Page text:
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    • For years I wanted to make music that sounded like something between Love and Rockets and Ministry. In 1989, Trent Reznor beat me to it with this genre-defining album, and it smacked me upside the hea
  • Never Let Me Down [ECD]

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    • It must be a lonely place to be considered David Bowie's worst album by just about everyone, including the artist himself. As the last album before Bowie "rebooted" and formed the band Tin Machine, "N
  • Quadrophenia

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  • Physical Graffiti

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    • This album bears every flavor of genius from the five records that came before. It is, I believe, the band's finest. With Physical Graffiti, Zep came raging back to their musical home territory -- har

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Minister: French iPod Law "Courageous" and "Forward Thinking"

Donnedieu de Vabres, the French Minister of Culture responsible for legislation that would require Apple and other manufacturers to make music downloads playable on any and every device has defended the legislation as both "courageous" and "forward thinking," according to an International Herald Tribune report.

The law would require downloads from Apple's iTunes Music Store and other download services to be playable on any computer or other music-playing device, and through other applications than the ones designated by the download service. In other words, iTunes downloads would have to be playable on players from Samsung, Creative, and other competitors, and playable through Windows Media Player, MusicMatch, and other jukebox programs. At the same times, iTunes and iPod would have to support Sony's proprietary format, Windows Media, Real's Rhapsody format, and other DRM schemes.

Despite criticism from Apple and many observers, Mssr. de Vabres said that France will push ahead with the legislation, which was passed earlier this year. In its only official statement regarding the law, Apple said it would result in state-sponsored piracy. U.S. Secretary of Commerce Carlos Gutierrez has publicly supported Apple's protest.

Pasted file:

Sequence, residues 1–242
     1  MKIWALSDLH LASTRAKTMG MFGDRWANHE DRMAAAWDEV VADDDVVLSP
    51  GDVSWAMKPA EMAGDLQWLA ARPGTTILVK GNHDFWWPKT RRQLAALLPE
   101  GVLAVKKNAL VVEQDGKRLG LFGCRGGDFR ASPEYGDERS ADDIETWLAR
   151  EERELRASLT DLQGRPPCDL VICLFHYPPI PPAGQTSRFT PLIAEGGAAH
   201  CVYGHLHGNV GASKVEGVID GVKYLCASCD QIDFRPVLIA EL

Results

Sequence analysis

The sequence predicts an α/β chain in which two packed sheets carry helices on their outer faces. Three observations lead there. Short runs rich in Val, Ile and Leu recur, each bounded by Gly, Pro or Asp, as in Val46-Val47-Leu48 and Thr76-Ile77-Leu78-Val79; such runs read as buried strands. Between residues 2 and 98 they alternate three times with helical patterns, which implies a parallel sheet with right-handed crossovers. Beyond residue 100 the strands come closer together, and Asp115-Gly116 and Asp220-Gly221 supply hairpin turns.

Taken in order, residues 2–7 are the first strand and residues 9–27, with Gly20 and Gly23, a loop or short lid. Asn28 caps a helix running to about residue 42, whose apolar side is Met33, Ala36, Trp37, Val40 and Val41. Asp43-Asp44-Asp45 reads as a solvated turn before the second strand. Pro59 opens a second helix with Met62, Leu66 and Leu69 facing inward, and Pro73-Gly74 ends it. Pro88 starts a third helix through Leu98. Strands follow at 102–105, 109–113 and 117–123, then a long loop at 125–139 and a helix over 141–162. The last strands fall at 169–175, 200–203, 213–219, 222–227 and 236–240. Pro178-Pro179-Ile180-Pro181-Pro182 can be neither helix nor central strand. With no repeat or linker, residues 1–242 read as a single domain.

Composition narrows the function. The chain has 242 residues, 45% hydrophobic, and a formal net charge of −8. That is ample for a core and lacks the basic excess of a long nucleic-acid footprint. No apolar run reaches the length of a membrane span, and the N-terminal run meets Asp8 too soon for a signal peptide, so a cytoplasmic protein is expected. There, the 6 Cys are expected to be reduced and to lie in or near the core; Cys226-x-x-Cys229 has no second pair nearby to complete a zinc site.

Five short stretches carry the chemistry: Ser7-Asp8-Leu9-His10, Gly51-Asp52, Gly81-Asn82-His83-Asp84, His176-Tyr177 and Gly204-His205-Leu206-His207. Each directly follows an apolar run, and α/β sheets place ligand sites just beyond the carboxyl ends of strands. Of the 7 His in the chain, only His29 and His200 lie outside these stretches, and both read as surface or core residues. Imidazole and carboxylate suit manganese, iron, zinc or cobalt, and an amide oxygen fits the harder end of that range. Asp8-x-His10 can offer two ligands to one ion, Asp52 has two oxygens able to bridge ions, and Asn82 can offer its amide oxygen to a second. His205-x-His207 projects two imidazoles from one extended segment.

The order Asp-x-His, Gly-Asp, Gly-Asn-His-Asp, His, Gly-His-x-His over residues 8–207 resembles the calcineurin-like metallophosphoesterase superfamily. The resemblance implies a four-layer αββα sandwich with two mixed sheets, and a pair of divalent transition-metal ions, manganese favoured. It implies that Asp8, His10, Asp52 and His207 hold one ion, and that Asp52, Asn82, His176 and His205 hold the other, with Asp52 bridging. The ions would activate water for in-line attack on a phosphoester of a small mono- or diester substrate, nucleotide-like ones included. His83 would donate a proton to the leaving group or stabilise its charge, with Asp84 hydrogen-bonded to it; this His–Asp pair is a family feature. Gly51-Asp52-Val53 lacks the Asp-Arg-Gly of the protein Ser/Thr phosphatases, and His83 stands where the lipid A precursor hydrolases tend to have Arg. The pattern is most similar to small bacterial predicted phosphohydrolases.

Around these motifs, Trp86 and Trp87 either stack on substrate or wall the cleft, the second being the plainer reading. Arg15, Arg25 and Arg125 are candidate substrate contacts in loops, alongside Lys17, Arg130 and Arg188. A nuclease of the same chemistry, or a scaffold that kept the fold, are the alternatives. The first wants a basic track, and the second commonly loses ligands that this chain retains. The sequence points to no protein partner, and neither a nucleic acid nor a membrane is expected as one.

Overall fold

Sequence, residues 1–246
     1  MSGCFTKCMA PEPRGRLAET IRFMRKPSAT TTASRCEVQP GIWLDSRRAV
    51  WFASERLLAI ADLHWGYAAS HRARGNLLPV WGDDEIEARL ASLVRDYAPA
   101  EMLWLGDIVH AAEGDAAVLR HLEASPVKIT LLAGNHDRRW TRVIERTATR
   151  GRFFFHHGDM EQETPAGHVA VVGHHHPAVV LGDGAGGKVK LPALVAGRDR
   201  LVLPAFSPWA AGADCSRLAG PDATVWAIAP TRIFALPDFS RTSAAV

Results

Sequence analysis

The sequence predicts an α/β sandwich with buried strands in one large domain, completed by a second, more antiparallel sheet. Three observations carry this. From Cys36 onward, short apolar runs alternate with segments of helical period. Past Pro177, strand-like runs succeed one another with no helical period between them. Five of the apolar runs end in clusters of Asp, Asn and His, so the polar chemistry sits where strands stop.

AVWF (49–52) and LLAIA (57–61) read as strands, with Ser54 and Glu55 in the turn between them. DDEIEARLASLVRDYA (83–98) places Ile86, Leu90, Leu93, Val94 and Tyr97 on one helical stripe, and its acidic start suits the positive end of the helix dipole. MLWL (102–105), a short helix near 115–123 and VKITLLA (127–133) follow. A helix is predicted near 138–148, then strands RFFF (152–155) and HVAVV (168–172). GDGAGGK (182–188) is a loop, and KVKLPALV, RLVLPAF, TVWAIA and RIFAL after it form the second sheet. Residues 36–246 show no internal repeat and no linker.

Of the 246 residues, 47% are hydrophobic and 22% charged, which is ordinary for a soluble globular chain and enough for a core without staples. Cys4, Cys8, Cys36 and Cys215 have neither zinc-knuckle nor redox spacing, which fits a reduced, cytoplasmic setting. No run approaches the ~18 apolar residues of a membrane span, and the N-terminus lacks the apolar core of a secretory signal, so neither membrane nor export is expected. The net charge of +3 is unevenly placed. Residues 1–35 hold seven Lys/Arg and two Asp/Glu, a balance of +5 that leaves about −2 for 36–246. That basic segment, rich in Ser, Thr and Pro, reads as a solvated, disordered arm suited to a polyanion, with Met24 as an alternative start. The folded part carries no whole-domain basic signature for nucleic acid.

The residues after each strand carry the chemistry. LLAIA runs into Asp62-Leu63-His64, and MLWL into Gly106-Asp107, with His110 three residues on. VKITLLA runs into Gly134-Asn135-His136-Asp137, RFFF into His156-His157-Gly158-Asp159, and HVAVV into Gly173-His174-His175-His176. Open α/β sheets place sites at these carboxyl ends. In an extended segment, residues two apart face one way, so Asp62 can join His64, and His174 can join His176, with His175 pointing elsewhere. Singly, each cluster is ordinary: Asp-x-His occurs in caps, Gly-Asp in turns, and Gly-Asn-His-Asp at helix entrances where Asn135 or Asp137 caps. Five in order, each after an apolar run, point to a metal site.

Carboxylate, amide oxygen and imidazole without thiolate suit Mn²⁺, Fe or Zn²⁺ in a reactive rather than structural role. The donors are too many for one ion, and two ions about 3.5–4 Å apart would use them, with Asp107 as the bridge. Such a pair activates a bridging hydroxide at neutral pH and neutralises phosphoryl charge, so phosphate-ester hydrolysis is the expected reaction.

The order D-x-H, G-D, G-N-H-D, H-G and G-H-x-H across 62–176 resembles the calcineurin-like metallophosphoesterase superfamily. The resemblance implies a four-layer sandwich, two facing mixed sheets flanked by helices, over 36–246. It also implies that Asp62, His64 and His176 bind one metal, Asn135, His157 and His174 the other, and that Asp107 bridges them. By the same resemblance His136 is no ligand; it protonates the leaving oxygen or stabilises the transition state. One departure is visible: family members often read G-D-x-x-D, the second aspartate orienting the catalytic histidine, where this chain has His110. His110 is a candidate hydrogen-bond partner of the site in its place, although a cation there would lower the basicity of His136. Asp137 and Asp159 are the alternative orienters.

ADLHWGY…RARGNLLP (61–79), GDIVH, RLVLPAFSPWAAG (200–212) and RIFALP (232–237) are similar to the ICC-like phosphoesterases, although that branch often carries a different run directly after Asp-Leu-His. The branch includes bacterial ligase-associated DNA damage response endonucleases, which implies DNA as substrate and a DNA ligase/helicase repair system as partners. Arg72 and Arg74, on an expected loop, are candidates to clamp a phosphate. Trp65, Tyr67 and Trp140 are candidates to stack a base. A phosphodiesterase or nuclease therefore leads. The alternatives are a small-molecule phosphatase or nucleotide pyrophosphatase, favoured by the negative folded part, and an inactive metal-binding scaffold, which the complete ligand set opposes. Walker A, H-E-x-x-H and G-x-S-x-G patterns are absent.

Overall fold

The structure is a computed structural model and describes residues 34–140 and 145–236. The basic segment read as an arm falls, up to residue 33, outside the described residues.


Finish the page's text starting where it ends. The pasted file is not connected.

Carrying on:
Apple has been credited with bringing legitimacy to the online music download concept, and for reinvigorating the music industry through the success of both the iPod and iTunes. This, in turn, has led to a revitalization of Apple itself, transforming the company from a US$7 billion company to a $13+ billion company.

Analysts and pundits alike have said that tying iPod and iTunes together is a key aspect of the company's ability to maintain its lead in the music download and player business. Requiring Apple to open them up would therefore be a major challenge to Apple's preeminence in these markets, with France dictating business practices to every company involved.

According to Mssr. de Vabres, however, France's efforts to do this shouldn't be interpreted as him being out to get Apple.

"I have absolutely nothing against iTunes, and this is not some payback or protectionism against a foreign company," Mssr. de Vabres told the newspaper. "We are simply defining a fundamental value and principle that I believe will be demanded by Internet users and consumers."

That principal, according to Mssr. de Vabres, is one of interoperability. He told the Herald Tribune that music downloads should be just as portable as DVDs or CDs that can be played on any DVD or CD device.

"I do have an iPod and why not? It has brought immense progress to accessing music on the Internet," Mssr. de Vabres said. He followed that up by stating that "a technology - even one of great quality, success and usefulness - should not control access to a work."

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